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Epic catch! Rocket Lab snags falling booster with helicopter after 34-satellite launch

Rocket Lab just did something we've never seen before.

Rocket Lab sent 34 satellites to orbit today (May 2) with its two-stage Electron launcher, which lifted off from the company's New Zealand site at 6:49 p.m. EDT (2249 GMT). Impressive enough, but it was the action in the downward direction that was unprecedented.

After sending the satellites on their way, the Electron's first stage came back down to Earth under parachutes. About 15 minutes after liftoff, as the booster glided toward the Pacific Ocean, a Sikorsky S-92 helicopter sidled up close to it and snagged the parachute line with a hook. 

"Absolutely incredible stuff there!" Rocket Lab Senior Communications Advisor Murielle Baker said during today's launch webcast. "We have successfully caught that Electron booster underneath the parachute!" 

Related: Rocket Lab and its Electron booster (photos)

A helicopter catches the falling first stage of a Rocket Lab Electron launcher shortly after it lofted 34 satellites on May 2, 2022.

A helicopter catches the falling first stage of a Rocket Lab Electron launcher shortly after it lofted 34 satellites on May 2, 2022. (Image credit: Rocket Lab)

The chopper pilots ended up releasing the booster "as they were not happy with the way it was flying, but no big deal, the rocket splashed down safely and the ship is loading it now," Rocket Lab founder and CEO Peter Beck said via Twitter (opens in new tab). He was referring to the company's recovery ship, which will transport the booster back to terra firma for inspection and analysis. 

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This dramatic action is all part of Rocket Lab's effort to make Electron first stages reusable, an achievement that would reduce costs and increase launch frequency, company representatives have said.

Space fans are already familiar with reusable rockets thanks to SpaceX, which commonly lands and reflies the first stages of its Falcon 9 rocket (as well as those of its Falcon Heavy, which has launched just three times to date). Falcon 9 first stages land propulsively, using engine burns to steer themselves to soft, vertical touchdowns on land or "droneship" platforms at sea. 

But the 59-foot-tall (18 meters) Electron is too small to do that; the first-stage boosters cannot carry sufficient fuel to have enough left over for landing operations, Rocket Lab representatives have said. So the company settled on the helicopter-snag strategy.

Rocket Lab has been steadily building up to today's historic catch. The company recovered Electron first stages after soft ocean splashdowns on three recent missions, and it has caught falling dummy boosters with a helicopter during a series of drop tests.

Today's mission — the 26th overall for Rocket Lab and Electron — was delayed several times as Rocket Lab waited for weather to clear in the catch zone, which was about 170 miles (275 kilometers) off the New Zealand coast. The company has a history of giving its flights playful names, and it dubbed this one "There And Back Again."  

A Rocket Lab Electron booster launches 34 satellites to orbit on the "There And Back Again" mission on May 2, 2022.

A Rocket Lab Electron booster launches 34 satellites to orbit on the "There And Back Again" mission on May 2, 2022. (Image credit: Rocket Lab)

The 34 satellites that flew on "There And Back Again" — more than on any previous Electron mission — were provided by a variety of customers, including Alba Orbital, Astrix Astronautics, Aurora Propulsion Technologies, E-Space, Spaceflight Inc. and Unseenlabs, Rocket Lab wrote in a mission description (opens in new tab)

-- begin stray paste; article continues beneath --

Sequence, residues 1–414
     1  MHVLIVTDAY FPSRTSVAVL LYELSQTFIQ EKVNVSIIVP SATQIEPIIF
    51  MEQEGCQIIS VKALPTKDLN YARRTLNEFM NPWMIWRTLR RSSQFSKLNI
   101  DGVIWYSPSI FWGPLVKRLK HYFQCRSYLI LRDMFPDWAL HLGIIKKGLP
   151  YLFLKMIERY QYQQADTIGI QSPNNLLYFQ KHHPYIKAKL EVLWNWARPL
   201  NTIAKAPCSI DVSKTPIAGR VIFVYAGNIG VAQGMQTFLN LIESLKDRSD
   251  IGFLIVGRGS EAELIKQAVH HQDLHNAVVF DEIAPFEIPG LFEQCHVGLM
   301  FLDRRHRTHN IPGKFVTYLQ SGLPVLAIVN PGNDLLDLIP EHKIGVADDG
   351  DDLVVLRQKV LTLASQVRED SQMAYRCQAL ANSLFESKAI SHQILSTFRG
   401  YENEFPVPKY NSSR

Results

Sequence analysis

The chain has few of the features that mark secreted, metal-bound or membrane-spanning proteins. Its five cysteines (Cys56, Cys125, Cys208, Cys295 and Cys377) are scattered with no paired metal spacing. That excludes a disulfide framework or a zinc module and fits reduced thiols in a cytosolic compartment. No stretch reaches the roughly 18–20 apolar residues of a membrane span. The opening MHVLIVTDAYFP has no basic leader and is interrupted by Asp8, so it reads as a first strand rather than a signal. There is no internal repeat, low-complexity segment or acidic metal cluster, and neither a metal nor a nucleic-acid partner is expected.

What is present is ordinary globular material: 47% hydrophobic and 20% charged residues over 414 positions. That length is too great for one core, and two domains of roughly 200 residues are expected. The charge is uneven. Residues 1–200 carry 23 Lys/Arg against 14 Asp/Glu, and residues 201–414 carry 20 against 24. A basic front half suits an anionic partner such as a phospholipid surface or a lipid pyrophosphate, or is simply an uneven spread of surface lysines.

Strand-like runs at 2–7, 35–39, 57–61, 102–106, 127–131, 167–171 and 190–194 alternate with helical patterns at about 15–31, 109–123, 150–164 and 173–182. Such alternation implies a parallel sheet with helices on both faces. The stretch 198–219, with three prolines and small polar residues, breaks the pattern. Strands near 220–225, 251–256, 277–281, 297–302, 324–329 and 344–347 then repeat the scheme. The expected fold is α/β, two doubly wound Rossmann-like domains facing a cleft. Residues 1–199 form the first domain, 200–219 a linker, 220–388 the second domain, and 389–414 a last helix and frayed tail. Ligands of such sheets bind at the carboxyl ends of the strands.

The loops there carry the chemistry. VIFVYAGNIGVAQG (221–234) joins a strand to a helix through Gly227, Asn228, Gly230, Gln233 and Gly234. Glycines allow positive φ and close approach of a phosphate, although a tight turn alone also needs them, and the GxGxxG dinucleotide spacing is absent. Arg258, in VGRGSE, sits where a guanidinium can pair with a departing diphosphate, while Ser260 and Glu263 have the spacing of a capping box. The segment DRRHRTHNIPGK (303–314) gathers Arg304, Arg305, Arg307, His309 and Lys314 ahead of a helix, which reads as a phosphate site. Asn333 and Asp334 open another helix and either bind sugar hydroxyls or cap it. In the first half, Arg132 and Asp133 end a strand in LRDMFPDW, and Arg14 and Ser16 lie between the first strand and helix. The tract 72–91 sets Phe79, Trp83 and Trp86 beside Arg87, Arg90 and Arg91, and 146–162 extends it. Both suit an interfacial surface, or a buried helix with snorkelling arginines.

All were deployed as planned into a sun-synchronous orbit about 323 miles (520 kilometers) above Earth by an hour after liftoff, Rocket Lab representatives announced via Twitter (opens in new tab) this evening. The total number of satellites lofted by Electron to date now stands at 146. 

Electron won't be the only launcher in Rocket Lab's stable for much longer, if all goes according to plan. The company is developing a larger rocket called Neutron, which is scheduled to fly for the first time in 2024. Neutron is designed to be partially reusable from the outset; its first stage will make Falcon 9-like propulsive landings, Rocket Lab representatives have said.

Editor's note: This story was updated at midnight ET on May 3 with news of successful satellite deployment and the delivery of the Electron first stage to a recovery ship, then again at 10:20 a.m. ET to state that the helicopter ended up releasing the booster after the catch.

Mike Wall is the author of "Out There (opens in new tab)" (Grand Central Publishing, 2018; illustrated by Karl Tate), a book about the search for alien life. Follow him on Twitter @michaeldwall (opens in new tab). Follow us on Twitter @Spacedotcom (opens in new tab) or on Facebook (opens in new tab).  

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Mike Wall
Mike Wall

Michael Wall is a Senior Space Writer with Space.com (opens in new tab) and joined the team in 2010. He primarily covers exoplanets, spaceflight and military space, but has been known to dabble in the space art beat. His book about the search for alien life, "Out There," was published on Nov. 13, 2018. Before becoming a science writer, Michael worked as a herpetologist and wildlife biologist. He has a Ph.D. in evolutionary biology from the University of Sydney, Australia, a bachelor's degree from the University of Arizona, and a graduate certificate in science writing from the University of California, Santa Cruz. To find out what his latest project is, you can follow Michael on Twitter.